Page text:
Welcome, welcome, welcome to Search Engine Academy’s ever-continuing blog series on information architecture (IA) and search engine optimization (SEO)!

I’ve been doing this series for a year now, and it looks like it’s going to go a few months longer. That’s good, as it gives me a blog post to write and upload for indexing and ranking every week. More importantly, it gives you, dear, gentle reader, stuff you can use to make your website easier to use.

We talked a helluva lot about research for building your web site’s IA framework. Now, let’s rub our hands together and talk about IA strategy, shall we? Sure!

IA strategy is a path between the research you’ve done and your website design. You should be thinking about this path even before doing IA research, and keeping it near the front of your brain.

You may also discover that you need to go back and do some more research if during the strategy phase, your plan just doesn’t fit right. That’s OK.

There’s a lot of slop and overlapping, because rarely is anything binary. I’m anal retentive, I admit, and while I wish more things were binary, I’m getting better at accepting chaos through daily meditation.

Take a look at this picture, courtesy of the wonderful book “Information Architecture for the World Wide Web” (Morville/Rosenfeld):

Developing Information Architecture

What you’ll find is yourself going back and forth. Sorry.

Information Architecture Strategy

OK, what is an IA strategy anyways? Hell, let me quote from the book. They have it nailed:

“An information architecture strategy is a high-level conceptual framework for structuring and organizing a web site or intranet. It provides the firm sense of direction and scope necessary to proceed with confidence into the design and implementation phases. It also facilitates discussion and helps get people on the same page before moving into the more expensive design phase. Just as the operating plans of each department should be driven by a unifying business strategy, the design of a detailed information architecture should be driven by a holistic information architecture strategy.”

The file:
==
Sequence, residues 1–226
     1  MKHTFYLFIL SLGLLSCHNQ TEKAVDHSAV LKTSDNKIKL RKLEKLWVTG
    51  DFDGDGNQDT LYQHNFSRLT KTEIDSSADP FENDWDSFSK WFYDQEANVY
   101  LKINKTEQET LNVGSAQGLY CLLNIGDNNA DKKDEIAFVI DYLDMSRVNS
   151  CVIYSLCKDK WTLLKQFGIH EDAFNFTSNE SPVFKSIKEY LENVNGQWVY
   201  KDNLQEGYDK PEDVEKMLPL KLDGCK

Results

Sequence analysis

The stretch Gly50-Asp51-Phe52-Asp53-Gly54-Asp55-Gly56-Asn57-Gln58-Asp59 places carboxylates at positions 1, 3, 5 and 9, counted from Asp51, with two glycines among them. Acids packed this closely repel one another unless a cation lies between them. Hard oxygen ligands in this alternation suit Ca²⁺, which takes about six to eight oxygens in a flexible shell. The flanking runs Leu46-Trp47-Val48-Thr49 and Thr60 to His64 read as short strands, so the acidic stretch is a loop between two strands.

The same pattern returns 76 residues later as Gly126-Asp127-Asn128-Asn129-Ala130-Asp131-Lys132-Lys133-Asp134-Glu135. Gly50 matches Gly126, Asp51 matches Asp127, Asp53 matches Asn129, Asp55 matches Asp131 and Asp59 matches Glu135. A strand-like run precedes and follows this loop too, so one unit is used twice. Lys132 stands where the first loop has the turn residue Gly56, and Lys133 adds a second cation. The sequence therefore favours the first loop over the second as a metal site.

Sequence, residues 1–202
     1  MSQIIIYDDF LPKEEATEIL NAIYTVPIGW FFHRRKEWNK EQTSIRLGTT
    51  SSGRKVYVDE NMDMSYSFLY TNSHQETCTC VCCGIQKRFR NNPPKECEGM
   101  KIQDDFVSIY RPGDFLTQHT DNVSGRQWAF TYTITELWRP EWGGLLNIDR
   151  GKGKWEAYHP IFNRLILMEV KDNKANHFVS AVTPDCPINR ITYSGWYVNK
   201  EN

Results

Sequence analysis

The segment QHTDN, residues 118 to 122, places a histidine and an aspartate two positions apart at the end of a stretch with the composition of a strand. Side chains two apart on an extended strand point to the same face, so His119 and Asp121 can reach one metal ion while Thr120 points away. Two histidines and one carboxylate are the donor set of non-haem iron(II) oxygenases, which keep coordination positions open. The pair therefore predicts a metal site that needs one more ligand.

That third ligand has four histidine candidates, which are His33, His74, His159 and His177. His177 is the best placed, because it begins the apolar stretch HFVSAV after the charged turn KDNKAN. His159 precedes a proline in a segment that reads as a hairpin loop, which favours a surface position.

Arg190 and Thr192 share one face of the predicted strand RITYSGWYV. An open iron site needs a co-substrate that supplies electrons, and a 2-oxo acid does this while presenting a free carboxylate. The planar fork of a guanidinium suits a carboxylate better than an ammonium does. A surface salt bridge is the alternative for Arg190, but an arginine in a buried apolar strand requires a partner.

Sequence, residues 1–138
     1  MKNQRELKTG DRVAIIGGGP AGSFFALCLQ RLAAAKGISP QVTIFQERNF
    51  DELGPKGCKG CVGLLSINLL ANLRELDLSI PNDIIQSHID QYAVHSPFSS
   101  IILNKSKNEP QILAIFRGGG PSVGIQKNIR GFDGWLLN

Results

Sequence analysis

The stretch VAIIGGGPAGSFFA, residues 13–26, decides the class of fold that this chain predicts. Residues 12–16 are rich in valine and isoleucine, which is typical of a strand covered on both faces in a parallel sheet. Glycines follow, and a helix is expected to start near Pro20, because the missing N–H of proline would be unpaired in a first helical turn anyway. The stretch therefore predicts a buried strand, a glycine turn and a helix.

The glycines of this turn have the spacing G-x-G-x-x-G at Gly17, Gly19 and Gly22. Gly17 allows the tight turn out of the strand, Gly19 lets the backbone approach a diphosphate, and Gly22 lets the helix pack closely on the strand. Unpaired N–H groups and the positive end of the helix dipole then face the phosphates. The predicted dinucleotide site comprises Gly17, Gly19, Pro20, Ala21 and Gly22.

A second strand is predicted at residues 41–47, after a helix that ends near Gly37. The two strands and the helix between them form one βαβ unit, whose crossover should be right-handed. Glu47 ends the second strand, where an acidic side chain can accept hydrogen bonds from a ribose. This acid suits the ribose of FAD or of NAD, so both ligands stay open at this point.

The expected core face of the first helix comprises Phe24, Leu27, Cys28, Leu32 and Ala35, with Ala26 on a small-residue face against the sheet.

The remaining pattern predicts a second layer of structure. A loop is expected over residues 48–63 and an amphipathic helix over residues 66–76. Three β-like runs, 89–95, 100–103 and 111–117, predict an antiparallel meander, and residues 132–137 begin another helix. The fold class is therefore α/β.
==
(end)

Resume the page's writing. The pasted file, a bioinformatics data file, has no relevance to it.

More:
You’re going to put pen to paper and based on all the research you conducted, you will start a web design framework. Hopefully, if this is a group project, you will be integrating this nicely with the rest of the web dev team.

There’s a lot of work to be done, and here are some of the questions you want to have asked and answered before you go too far down the IA strategy path:

  • How far will your IA efforts go? Two levels down, or out to subsites, if they exist?
  • Are the content writers able to apply the metadata?
  • Who’s in charge of controlled vocabularies and the thesauri?
  • Have you considered the search engines, personalization of search and content management?
  • Have you at least done a high level outline of the main navigation scheme? Is it by location, content, product or service?
  • What are all the different document types that’ll be found on the site? How many of each?
  • How in-depth is your metadata structure? I’m not talking about title and description tags; I’m referring to document data as well.
  • Do your navigation schemes allow for top-down and bottom-up movement?

Plus anything else you can think of.

You will want to capture all of this in a IA strategy report, along with a project plan. You’ll need to keep in mind that you have to balance IA with web design, applications and any politics that will color the whole deal.

With that, let’s stop right here for today. Next week, we’ll deal with attacks on your IA strategies. Until then, I hope you can think about your IA strategy – is it ready to go, or does it need refining?

As I always say, keep it between the ditches until next time!

All the very best to you,